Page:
Alex Bond, Bannister Creek Perth 2017, silver gelatin photograph So…
Julian Pearce, Wells Cathedral, 2017. Silver gelatin photograph.
This image is one of a number of images taken in the UK in April 2017 with a light weight 5×7 large format camera in and around Oxford, Wells Cathedral and Lacock Abbey (where Fox Talbot made his first images in 1835), with a plan of making small portfolios from each location.
There are obviously some challenges in travelling with a large format camera overseas but it is possible if a limited number of lenses are taken – and non-photographic non-essentials are left behind.
On a few occasions going through security points at overseas airports, the camera bag was opened for inspection. The only time I’ve got close to disaster was in a domestic airport when a suspicious security guard started to open the outside of a sheet film box but stopped before light got in.
As all my “serious” photography is done using film and chemistry, I took a large format camera to the UK to ensure maximum quality in traditional prints, and also the ability to make contact prints for alternative processes. The film stock was Ilford FP4+ as I wanted the option of doing large prints with no grain.
I needed to keep weight down so only lighter lenses were taken on the trip. This image was made with a Schneider G Claron 210 mm which is very sharp when stopped down. It is single coated which may have contributed to a small amount of flare around the sun-filled highlights in the stained-glass windows (or too much was being asked of the anti-halation coating on the film).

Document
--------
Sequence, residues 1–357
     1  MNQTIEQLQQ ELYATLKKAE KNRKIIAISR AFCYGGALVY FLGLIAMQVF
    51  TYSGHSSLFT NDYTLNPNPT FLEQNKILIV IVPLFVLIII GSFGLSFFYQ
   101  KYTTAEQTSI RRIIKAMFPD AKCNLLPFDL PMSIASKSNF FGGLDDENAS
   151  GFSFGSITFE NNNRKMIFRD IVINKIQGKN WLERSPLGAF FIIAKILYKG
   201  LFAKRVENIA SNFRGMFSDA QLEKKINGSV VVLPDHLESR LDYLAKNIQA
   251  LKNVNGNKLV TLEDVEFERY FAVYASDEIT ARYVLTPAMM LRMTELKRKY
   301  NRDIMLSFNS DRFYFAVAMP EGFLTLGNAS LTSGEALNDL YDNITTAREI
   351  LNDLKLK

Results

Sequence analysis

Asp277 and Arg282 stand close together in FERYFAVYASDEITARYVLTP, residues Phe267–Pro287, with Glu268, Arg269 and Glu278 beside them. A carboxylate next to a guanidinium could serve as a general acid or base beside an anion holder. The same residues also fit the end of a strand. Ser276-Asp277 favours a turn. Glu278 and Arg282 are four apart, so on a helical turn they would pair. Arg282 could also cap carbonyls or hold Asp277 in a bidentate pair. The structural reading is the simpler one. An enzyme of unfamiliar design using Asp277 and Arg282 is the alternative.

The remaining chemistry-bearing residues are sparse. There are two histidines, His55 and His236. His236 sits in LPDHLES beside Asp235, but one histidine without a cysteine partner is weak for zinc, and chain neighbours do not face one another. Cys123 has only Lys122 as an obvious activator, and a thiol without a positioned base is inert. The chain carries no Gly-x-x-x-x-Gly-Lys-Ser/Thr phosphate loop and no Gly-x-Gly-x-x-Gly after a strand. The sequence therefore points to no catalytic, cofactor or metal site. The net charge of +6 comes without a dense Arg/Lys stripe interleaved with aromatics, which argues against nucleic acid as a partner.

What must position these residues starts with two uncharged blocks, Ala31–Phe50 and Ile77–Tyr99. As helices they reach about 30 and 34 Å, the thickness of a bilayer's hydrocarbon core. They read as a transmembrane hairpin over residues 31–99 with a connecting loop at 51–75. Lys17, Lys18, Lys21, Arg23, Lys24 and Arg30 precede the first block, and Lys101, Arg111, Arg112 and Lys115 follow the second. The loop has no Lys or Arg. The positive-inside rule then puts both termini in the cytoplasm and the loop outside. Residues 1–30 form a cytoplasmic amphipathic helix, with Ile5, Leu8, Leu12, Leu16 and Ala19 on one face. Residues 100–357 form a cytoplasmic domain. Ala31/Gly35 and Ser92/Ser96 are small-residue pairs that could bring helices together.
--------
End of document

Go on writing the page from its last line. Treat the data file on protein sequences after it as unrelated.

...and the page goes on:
The film was developed in Pyrocat HD in trays. The advantage of this staining developer is that it allows images to be printed on silver at normal grades (ie grade 1 ½ to 2) with the “brownish” stain providing sufficiently high contrast in UV light for platinum/palladium and similar processes.
While the highlights in the stained-glass windows meant extreme contrast in the scene, I decided to give almost normal “N” development to ensure there was sufficient local contrast in the rest of the image. The windows at the printing stage were burned in.
This particular image was printed on my 8×10 enlarger in my small darkroom, using gloss warmtone fibre paper 11×14 inches and lightly sepia toned using a home-made “bleach and redevelop” thiourea toner.
For many images, I find that a light sepia tone adds some additional apparent contrast because the toning is confined to highlights and there is little change to the tone of the shadows. As the bleach step must be is very gentle it is done by time (in this case 12 seconds in the bleach) rather than by inspection.
The image was dry mounted onto 16 x 20 inch 2 ply matt board which I find a nice size and presentation. While not everyone approves of dry mounting, it does seem to be the only way of keeping fibre based photographs completely flat – and was good enough after all for Ansel and Edward!
The photograph has a glow to it which comes in part from the sepia toning, and very fine detail which is nice to explore when the image is held in the hand. These qualities are not fully captured in this digital photograph of the original – all the more reason to have produced a “real” print.
About Julian Pearce
Julian is a Brisbane-based photographer who uses a variety of medium and large format cameras – the latter ranging from 5×7, 8×10 to 11×14. He prints in both silver gelatin and platinum/palladium. He holds occasional workshops in platinum/palladium printing covering both the developing – out process and ziatypes. Further details of his photography are available at www.julianpearce.net .
Previous Post: Review: Chamonix 45F-1 4×5 camera by David Tatnall